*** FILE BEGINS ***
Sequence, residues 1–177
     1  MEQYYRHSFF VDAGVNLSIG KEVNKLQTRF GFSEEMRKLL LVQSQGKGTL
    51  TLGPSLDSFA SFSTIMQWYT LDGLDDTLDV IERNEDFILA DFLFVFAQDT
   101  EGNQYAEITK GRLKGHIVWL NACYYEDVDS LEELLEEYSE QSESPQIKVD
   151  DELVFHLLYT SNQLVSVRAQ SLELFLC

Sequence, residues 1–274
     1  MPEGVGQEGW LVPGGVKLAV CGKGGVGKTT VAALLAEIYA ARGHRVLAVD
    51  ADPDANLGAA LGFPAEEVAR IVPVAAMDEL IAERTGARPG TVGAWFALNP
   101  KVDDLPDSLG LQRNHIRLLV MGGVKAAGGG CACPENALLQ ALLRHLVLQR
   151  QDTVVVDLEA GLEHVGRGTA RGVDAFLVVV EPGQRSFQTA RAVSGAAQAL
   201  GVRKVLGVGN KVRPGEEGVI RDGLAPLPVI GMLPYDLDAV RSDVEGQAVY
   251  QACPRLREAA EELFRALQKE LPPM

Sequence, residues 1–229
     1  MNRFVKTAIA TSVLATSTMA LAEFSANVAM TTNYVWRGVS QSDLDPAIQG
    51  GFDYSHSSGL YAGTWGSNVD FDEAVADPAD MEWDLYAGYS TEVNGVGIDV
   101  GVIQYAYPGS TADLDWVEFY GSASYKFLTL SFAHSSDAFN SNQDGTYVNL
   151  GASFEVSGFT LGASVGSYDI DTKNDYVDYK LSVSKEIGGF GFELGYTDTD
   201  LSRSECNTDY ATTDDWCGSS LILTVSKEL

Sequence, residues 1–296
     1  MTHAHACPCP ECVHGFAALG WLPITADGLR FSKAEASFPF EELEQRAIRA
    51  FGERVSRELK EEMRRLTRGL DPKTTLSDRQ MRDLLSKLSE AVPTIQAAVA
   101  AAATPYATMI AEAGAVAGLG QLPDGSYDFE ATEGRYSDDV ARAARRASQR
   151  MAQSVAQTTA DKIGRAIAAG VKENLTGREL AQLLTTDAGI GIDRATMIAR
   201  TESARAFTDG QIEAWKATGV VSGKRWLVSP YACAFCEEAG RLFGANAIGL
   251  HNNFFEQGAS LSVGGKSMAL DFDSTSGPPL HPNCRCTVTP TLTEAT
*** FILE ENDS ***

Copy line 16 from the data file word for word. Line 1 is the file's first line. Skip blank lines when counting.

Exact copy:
   101  GVIQYAYPGS TADLDWVEFY GSASYKFLTL SFAHSSDAFN SNQDGTYVNL